InSight NASA mission to Mars
DENVER, 21 Aug. 2012. Engineers at Lockheed Martin (NYSE:LMT) Space Systems Company in Denver will build and operate the spacecraft for NASA's next Discovery mission: Interior Exploration using Seismic Investigations, Geodesy, and Heat Transport (InSight).
NASA Jet Propulsion Laboratory (JPL) Principal Investigator Bruce Banerdt will lead the mission, intended to culminate in the first measurements of the interior of Mars. The information gleaned is expected to provide insight into the evolution of the terrestrial planets. The cost of the mission, excluding the launch vehicle and related services, is capped at $425 million (in 2010 dollars).
"Exploration and discovery are fundamental to our progress, and we are very proud to play a role in making it happen,” notes Jim Crocker, vice president and general manager of Civil Space at Lockheed Martin Space Systems Company. “We are absolutely delighted to be a part of the InSight mission, and eager to get to work with the Jet Propulsion Laboratory in moving this mission from the drawing board to the surface of Mars.”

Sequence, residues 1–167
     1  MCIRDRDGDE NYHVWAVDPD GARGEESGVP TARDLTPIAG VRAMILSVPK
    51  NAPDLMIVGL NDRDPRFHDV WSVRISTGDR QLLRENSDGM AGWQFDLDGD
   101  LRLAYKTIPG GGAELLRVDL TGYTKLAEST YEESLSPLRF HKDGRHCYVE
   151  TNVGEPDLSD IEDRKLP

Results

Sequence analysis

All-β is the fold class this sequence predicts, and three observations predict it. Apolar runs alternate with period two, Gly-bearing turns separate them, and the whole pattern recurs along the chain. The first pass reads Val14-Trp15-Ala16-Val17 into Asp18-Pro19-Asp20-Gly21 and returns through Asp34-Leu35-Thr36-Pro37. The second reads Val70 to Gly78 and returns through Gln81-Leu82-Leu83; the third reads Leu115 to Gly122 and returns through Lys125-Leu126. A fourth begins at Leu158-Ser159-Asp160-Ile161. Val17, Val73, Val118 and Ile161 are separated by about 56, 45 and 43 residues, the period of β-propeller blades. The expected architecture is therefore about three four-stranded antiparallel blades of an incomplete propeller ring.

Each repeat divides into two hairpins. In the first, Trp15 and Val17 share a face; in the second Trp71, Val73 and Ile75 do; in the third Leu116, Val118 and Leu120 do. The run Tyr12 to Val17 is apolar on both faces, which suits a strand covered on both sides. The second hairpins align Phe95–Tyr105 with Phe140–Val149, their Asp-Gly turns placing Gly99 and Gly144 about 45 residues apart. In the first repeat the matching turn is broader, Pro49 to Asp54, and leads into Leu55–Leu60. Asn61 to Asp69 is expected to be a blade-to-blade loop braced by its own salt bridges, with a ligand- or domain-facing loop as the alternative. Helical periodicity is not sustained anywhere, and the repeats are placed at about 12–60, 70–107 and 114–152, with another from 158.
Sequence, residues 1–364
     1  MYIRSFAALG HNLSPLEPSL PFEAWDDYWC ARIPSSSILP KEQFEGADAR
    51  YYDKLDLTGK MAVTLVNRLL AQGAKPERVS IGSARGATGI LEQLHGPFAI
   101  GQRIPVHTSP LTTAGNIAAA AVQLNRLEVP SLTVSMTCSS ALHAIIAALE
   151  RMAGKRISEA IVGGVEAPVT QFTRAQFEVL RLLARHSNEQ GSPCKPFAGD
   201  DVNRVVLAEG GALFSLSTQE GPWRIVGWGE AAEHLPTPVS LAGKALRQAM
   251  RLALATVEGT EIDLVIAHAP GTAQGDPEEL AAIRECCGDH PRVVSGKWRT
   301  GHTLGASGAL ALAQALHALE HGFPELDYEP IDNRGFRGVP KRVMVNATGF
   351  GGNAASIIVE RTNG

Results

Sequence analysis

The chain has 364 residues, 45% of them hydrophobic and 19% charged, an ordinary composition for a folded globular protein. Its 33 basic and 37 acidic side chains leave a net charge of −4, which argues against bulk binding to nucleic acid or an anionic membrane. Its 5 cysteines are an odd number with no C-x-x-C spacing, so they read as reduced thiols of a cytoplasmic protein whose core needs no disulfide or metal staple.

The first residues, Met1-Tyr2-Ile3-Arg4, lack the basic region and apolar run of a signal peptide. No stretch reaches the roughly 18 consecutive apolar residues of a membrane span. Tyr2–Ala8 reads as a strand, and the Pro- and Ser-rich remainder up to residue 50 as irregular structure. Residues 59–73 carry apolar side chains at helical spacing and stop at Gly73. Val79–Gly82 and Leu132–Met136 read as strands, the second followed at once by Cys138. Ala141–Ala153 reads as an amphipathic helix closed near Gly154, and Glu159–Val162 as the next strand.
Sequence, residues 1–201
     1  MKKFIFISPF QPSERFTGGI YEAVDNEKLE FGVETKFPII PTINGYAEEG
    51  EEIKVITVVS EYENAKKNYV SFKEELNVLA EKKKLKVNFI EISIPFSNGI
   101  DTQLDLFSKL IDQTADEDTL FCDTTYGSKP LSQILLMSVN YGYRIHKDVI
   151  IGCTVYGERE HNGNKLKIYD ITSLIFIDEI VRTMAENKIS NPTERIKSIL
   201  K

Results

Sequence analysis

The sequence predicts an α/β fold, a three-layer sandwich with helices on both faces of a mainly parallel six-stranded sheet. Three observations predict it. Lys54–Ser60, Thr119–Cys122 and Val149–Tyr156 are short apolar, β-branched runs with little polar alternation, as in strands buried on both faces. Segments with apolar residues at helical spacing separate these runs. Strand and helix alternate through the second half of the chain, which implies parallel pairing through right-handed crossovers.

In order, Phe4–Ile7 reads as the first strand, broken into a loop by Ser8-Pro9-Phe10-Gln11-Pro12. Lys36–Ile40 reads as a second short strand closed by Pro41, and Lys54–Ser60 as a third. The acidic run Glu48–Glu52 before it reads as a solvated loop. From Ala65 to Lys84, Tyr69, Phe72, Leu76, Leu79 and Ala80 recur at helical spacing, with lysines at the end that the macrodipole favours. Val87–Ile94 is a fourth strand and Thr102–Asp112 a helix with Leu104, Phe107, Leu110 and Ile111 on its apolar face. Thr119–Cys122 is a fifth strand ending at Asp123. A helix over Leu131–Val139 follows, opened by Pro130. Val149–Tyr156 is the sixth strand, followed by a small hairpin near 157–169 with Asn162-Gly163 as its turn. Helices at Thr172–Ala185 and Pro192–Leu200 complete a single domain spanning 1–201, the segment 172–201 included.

The InSight lander is expected to be launched in 2016 and reach the Red Planet later the same year, landing at Elysium Planitia, a flat area near the planet's equator.
The InSight terrestrial planet explorer will address one of the most fundamental issues of planetary and solar system science, says a spokesperson: understanding the processes that shaped the rocky planets of the inner solar system (including Earth) more than four billion years ago.
The InSight lander will install a seismograph and heat flow probe into the Martian surface. Using geophysical instruments, InSight will delve deep beneath the surface of Mars, detecting the fingerprints of the processes of terrestrial planet formation, as well as measuring the planet's "vital signs,” such as "pulse" (seismology), "temperature" (heat flow probe), and "reflexes" (precision tracking).
The InSight mission is similar in design to the Mars lander that the Phoenix mission used in 2008 to study ground ice near the north pole of Mars. Reuse of this technology, developed and built by Lockheed Martin, will provide a low-risk path to Mars without the added cost of designing and testing a new system from scratch.
Space Systems Company, an operating unit of Lockheed Martin Corp., designs and develops, tests, manufactures, and operates human space flight systems; a full range of remote sensing, navigation, meteorological, and communications satellites and instruments; space observatories and interplanetary spacecraft; laser radar; ballistic missiles; missile defense systems; and nanotechnology research and development.